It’s a sobering stance from a man who has seen a number of economic downturns and argues this one is different.
“The problem is right now Alberta is flat in terms of prices; if anything we’re having a correction downward,” Duane Ritter, an Alberta-based agent with RE/MAX, told REP. “I’m old enough to remember the other corrections but this one is different; people reacted to the last couple times but they aren’t this time.”
According to Ritter, there is a glut of listings and sellers are refusing to lower their asking prices.
“I don’t know if they’re hoping it’ll bounce back,” he said. You look at some of the listings and some of those have been up for 178 days.”
Albertans have obviously been impacted by oil price declines, with unemployment rates – increasing by 100,000 since oil prices starting dropping, according to Ritter -- and debt delinquency on the rise.
Equifax Canada reported last week that delinquencies for consumer credit increased by 25%. Further, Albertans have the highest debt load in Canada, with an average of $27,000.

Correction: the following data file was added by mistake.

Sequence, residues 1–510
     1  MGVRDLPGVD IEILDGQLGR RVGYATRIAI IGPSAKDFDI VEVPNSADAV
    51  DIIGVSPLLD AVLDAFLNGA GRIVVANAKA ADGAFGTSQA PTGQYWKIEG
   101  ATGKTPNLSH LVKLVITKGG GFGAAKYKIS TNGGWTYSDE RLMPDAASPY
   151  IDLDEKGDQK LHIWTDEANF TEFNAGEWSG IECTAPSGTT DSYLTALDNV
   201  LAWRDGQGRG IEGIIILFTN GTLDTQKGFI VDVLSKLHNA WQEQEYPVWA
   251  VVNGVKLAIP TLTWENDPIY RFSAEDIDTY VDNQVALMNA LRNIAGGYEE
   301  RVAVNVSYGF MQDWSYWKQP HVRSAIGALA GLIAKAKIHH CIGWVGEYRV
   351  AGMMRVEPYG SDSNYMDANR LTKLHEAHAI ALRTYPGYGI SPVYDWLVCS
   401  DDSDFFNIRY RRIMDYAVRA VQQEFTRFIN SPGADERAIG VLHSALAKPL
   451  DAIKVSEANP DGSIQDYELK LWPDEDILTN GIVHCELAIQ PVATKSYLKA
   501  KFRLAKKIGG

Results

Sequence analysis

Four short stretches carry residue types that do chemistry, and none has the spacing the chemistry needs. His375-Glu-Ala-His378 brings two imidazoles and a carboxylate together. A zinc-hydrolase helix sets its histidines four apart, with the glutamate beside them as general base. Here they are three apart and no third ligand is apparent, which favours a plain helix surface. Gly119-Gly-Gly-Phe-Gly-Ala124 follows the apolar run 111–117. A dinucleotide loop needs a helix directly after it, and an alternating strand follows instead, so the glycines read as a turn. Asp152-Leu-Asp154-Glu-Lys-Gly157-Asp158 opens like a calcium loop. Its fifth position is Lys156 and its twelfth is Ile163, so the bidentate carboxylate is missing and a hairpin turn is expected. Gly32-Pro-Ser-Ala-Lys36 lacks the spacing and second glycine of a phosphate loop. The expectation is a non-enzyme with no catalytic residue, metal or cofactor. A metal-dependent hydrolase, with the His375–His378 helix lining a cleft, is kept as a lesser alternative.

And that will have an impact on the housing market, according to Ritter.
“There is no place else to get cash,” Ritter said, noting many in the province have had to rely on sales from unnecessary items such as cars, boats, and recreational vehicles. Once everything else has been sold, the homes could be next on the chopping block.
“If they aren’t making any income it’s going to impact the housing market,” Ritter said.
As for the future of the province, Ritter isn’t entirely optimistic.
“I think people are hoping it will bounce back and they will get jobs,” he said. “The world as changed and the oil sands are not what they used to be.
“I’m not … optimistic that this is going to be short-term.”
A veteran agent in one of Canada’s struggling markets: “I’m not … optimistic that this is going to be short-term.”